How To Parallelize R Code with gapply

Parallelization of R code is difficult, because R code runs on the driver and R data.frames are not distributed. Often, there is existing R code that is run locally and that is converted to run on Apache Spark. In other cases, some SparkR functions used for advanced statistical analysis and machine learning techniques may not support distributed computing. In such cases, the SparkR UDF API can be used to distribute the desired workload across a cluster.

Example use case: You want to train a machine learning model on subsets of a data set, grouped by a key. If the subsets of the data fit on the workers, it may be more efficient to use the SparkR UDF API to train multiple models at once.

The gapply and gapplyCollect functions apply a function to each group in a Spark DataFrame. For each group in a Spark DataFrame:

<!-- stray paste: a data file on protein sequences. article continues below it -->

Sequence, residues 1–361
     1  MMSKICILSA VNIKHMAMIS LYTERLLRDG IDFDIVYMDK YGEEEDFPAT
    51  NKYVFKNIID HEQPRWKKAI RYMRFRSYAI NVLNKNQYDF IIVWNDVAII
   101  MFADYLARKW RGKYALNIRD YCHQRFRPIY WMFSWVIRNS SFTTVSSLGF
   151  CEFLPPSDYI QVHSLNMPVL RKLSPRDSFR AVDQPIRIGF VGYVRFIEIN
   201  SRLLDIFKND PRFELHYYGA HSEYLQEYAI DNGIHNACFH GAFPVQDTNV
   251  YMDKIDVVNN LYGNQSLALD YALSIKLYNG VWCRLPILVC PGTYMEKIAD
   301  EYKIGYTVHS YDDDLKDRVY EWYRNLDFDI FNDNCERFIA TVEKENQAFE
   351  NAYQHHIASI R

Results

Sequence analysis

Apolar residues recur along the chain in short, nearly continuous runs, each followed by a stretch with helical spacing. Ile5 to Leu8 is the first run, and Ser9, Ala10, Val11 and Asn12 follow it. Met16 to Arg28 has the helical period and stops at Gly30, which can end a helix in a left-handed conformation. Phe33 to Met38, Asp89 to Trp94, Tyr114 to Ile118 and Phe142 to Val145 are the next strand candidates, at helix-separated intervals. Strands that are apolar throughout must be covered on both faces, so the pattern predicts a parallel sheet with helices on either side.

1. Collect each group as an R data.frame.
  2. Send the function to the worker and execute.
  3. Return the result to the driver as specified by the schema.

Note

When calling gapply, the output schema has to be specified. With gapplyCollect, the result is collected to the driver using an R data.frame for the output.

In the following example, a separate support vector machine model is fit on the airquality data for each month. The output is a data.frame with the resulting MSE for each month, shown both with and without specifying the schema.

df <- createDataFrame(na.omit(airquality))

schema <- structType(
structField("Month", "MSE"),
structField("integer", "Number"))

result <- gapply(df, c("Month"), function(key, x) {
library(e1071)
data.frame(month = key, mse = svm(Ozone ~ ., x, cross = 3)$tot.MSE)
}, schema)
df <- createDataFrame(na.omit(airquality))

gapplyCollect(df, c("Month"), function(key, x) {
library(e1071)
y <- data.frame(month = key, mse = svm(Ozone ~ ., x, cross = 3)$tot.MSE)
names(y) <- c("Month", "MSE")
y
})

Note

Start with a Spark DataFrame and install packages on all workers.